A small tree, the cork oak rarely grows above 20 metres in height. It is a typical Mediterranean species.
Quercus suber. © kygp, Flickr CC by-NC-ND 3.0
The cork oak (Quercus suber) is a member of the Fagaceae family.
The crown of this species is sparse, highlighting its large and rare, winding branches. Its thick, insulating and cracked bark, can reach 25 centimetres in thickness. This bark is the most singular part of this tree. It is a plant tissue constituted of dead alveolar micro-cells that give it a very weak density. Its evergreen leaves are small (from 3 to 5 centimetres), alternate, tough, oval-oblong and bordered with spiny and fleecy teeth on their lower side. Its yellowish flowers bloom between April and May, the male flowers in the form of catkins and the tiny female flowers are separated on the same stem. Its oblong acorns, covered for half of their length by an acorn cup, are grouped into pairs on short and rounded peduncles.
The recognisable trunk of the cork oak. © Mauroguanandi, Flickr CC by 3.0
This tree is originally from North Africa, and has been present in France since about 6,500 B.C. This species grows in France in regions such as Provence, Roussillon and Corsica.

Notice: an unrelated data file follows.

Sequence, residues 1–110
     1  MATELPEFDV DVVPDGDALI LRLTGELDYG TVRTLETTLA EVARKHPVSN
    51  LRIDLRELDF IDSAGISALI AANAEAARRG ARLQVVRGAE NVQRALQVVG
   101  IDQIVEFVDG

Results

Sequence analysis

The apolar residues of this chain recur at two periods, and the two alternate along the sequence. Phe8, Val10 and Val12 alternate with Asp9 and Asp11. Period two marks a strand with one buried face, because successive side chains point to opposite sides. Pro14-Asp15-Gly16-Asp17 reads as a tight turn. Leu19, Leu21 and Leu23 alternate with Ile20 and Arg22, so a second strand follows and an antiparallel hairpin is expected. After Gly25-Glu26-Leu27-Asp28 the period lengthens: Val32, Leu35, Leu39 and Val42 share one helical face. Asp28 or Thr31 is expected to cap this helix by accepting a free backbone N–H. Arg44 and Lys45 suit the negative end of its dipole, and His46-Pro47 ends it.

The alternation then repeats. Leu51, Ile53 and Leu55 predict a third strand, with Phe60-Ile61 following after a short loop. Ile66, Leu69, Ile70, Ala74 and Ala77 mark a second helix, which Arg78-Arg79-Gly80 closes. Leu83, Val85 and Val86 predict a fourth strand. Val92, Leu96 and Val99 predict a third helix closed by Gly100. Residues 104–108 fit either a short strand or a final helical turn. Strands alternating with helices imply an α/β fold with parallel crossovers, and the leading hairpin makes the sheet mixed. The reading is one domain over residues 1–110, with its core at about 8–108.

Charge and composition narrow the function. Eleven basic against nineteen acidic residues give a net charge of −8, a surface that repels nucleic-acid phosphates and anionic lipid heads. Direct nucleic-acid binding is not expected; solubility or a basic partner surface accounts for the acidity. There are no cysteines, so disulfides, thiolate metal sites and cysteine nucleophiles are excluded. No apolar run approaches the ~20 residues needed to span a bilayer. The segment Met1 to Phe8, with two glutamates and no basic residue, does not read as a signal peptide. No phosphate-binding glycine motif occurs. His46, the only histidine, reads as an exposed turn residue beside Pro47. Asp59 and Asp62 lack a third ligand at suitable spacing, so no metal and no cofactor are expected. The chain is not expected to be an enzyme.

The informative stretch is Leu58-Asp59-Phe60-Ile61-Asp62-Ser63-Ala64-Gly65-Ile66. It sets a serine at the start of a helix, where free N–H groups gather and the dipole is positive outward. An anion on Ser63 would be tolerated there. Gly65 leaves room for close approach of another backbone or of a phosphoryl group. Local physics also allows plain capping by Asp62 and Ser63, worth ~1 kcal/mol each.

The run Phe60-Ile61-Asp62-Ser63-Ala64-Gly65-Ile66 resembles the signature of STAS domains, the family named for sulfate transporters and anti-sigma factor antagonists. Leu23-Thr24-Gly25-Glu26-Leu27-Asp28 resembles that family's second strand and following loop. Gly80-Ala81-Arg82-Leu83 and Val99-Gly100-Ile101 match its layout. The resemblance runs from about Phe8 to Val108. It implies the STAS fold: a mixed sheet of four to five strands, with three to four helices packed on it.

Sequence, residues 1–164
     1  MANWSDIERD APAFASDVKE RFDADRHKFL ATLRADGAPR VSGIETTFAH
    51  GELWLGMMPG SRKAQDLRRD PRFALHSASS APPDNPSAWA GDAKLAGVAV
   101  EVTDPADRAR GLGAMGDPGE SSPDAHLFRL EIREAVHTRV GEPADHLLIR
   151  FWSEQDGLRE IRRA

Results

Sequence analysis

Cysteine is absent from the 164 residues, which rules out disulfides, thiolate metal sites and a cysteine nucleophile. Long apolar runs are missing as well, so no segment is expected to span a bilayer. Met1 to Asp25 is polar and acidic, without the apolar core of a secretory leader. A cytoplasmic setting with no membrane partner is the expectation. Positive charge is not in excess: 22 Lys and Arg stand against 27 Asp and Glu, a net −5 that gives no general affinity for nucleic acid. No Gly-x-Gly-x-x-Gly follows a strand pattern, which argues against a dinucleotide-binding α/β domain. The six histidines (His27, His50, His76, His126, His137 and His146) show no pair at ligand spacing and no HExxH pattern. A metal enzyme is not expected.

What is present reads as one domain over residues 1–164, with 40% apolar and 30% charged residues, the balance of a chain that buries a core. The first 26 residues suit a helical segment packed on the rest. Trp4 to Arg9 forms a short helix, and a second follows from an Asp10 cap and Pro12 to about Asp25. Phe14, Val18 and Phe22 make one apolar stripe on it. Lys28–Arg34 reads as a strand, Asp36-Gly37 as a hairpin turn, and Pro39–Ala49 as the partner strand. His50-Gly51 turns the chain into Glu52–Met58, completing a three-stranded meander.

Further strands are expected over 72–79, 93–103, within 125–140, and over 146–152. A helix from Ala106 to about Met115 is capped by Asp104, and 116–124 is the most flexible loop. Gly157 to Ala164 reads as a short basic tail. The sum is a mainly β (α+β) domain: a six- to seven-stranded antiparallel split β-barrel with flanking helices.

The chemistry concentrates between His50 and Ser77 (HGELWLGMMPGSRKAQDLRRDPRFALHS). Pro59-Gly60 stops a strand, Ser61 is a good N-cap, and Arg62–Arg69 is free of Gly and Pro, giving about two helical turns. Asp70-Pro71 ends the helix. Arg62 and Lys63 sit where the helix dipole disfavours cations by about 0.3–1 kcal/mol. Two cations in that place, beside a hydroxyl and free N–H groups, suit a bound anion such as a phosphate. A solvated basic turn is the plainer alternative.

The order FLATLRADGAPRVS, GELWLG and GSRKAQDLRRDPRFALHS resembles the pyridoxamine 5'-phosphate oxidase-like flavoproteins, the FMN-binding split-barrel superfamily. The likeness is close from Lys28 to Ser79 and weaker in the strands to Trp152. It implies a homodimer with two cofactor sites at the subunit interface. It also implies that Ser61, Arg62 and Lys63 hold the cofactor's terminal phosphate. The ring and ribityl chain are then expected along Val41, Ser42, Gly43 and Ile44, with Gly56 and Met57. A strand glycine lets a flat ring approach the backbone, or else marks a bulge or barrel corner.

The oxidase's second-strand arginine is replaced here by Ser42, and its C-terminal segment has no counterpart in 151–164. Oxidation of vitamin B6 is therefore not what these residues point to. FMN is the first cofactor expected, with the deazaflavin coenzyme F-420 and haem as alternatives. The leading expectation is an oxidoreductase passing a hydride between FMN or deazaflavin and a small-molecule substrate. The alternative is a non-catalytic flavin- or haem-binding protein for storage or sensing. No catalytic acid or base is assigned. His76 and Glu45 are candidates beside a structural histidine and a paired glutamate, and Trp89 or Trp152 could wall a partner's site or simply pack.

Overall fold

Note how part of the trunk no longer has its bark. © treesoftheworld.net, CC by 3.0
The cork oak needs lots of sunlight and warmth, which explains why it only grows in warm regions. It does not tolerate calcareous soil and therefore only grows in acidic soil, near the umbrella pine and strawberry tree. Thanks to its tap root system, it can root at very deep levels, and is well adapted to droughts.
Its acorns are used for domestic animal feed, its wood is used for heating and construction, but cork oak is mostly used for its bark. Today, its cork is crushed to form granules that dilate when raised to a temperature of 300° C and agglomerate with its own resin, without the addition of any binder. In this form, it is used to create thermal and acoustic insulation panels.
Author: Michel Caron